H3:      There exists a positive correlation between Religious prejudice and Quality of life.

H0:      There exists a negative correlation between Religious prejudice and Quality of life.


Independent Variables: Age, Gender (Males, Females), Profession

Dependent Variables: Religious prejudice and Quality of life


The type of research used for this study is the Quantitative Research study; the researcher examined the levels of prejudice and quality of life through observations in numerical representations and with the help of statistical tools and analysis.

Tool Description

The levels of prejudice were measured using the Prejudice Scale which was developed in the year 2006 by R.L.Bharadwaj and Dr Harish Sharma. This instrument is a 5 pointer Likert scale questionnaire which consists of a total of 36 items. The respondent had to indicate the measure of agreement on all the statements provided. First, the respondent had to state the religious community that they belong to and point their answer keeping in mind the opposite community. If the respondent was of Hindu community, he/she had to answer the questions regarding the people of the Islamic community and if the respondent was a Muslim he/she had to answer the questions keeping in mind that the questions are about the people belonging to the Hindu community. The likert scale ranged from ‘strongly disagree’ marked as 1 and ‘strongly agree’ marked as 5. The total was calculated after counting each score of all the items for all the respondents.

The Quality of life scale developed by B.L.Dubey and Padma Dwivedi in the year 2009 was used to assess the quality of life of the respondents. The test instrument is a self assessment scale with 20 items with a 5 pointer Likert scale. The respondents had to mark the level of agreement that suited them the best and on the basis of that, the score for all the respondents were calculated after adding up the scores of all items for each individual.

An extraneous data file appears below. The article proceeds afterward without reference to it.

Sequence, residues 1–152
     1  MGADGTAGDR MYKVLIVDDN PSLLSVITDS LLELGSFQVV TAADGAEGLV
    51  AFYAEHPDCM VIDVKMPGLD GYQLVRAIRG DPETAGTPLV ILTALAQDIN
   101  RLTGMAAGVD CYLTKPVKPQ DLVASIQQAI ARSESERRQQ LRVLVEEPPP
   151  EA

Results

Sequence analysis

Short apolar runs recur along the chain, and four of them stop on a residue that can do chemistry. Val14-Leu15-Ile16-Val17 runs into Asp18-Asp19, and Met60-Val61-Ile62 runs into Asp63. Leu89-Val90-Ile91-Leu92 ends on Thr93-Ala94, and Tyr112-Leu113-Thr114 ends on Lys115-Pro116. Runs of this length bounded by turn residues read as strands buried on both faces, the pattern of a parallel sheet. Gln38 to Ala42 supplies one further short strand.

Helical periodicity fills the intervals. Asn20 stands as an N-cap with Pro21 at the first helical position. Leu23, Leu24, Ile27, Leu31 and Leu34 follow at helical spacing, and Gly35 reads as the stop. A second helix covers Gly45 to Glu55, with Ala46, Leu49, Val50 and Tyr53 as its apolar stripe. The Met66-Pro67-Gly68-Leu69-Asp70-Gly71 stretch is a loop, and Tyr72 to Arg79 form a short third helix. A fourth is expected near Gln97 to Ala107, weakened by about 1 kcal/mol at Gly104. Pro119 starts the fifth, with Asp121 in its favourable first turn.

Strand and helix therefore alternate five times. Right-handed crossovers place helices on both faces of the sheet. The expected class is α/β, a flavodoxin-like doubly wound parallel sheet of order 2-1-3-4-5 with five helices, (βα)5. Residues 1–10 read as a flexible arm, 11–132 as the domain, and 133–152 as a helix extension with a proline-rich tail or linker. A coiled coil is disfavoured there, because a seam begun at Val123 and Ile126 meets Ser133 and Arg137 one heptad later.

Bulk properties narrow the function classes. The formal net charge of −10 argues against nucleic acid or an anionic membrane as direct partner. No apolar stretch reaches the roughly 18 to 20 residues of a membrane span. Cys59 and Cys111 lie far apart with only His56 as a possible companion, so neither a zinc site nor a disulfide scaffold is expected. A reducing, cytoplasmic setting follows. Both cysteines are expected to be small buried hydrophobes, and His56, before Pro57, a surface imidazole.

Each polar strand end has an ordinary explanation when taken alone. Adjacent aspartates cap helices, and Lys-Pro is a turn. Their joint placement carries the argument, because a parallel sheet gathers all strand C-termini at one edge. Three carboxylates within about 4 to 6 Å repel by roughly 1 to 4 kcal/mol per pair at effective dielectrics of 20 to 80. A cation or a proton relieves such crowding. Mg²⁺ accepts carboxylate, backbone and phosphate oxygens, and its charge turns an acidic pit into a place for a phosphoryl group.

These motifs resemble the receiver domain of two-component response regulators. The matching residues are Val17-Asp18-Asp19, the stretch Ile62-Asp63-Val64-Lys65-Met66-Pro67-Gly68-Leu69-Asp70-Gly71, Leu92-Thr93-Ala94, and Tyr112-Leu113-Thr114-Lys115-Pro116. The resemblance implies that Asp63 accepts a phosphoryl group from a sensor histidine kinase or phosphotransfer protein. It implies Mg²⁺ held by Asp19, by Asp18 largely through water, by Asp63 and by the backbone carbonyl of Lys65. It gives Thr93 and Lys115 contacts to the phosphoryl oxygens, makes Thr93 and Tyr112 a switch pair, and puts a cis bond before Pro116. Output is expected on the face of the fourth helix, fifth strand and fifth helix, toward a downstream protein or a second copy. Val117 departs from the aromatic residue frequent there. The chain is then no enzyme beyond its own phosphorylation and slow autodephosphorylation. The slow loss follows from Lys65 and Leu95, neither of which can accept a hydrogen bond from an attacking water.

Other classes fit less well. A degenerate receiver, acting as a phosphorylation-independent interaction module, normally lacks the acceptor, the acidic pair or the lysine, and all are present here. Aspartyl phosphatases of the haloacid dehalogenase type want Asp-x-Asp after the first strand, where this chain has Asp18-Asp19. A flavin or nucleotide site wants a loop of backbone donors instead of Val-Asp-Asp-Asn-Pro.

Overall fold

While collecting the data sample, the respondents were asked for the content and were informed that the confidentiality of personal details will be maintained.

Sample Population

The sample population thus selected was done through the random stratified sampling technique and convenience sampling method. Specific religious community people were approached to and the questionnaire was given to be filled in by Hindus and Muslims only, however there was no clear distinction as to who among them can fill up the questionnaire apart from the age limit which was kept open for 20 to 65 years old. The total of 120 people – 60 belonging to the Hindu religious community and 60 belonging to the Islam religion community were taken for the data. The male-female ratio was also maintained.

Table 1: Demographic Table


To fill both the questionnaires, the respondents took, on average, 10-15 minutes.

The sampling technique used for this research study is the Stratified Convenience Sampling Method. The population was firstly divided into smaller groups defined as stratas, in this study, people belonging to Hindu and Islam community; and then the questionnaire were passed on to people who came across easily while on field collecting the data. Snowball Sampling is also considered in this research study, as the respondents agreed and passed the questionnaire to the fellow family/neighborhood and relatives to be included in the study.

Test Applied

The test applied to obtain the results for this study is the Analysis of Variance (ANOVA) which is the collection of statistical models and their associated estimation procedures used to analyze the differences among group means in a sample. Here as the sample population was divided into two factors, Hindus and Muslims as well as Males and Females, and they were examined with the help of two separate questionnaires, the Two-way ANOVA was applied to the data collected. The primary purpose is to understand if there is an interaction between the two variables. ANOVA Two-factor with Replication is used here to understand the relation of Religious Prejudice and Quality of life in Hindus and Muslims, and also Males and Females.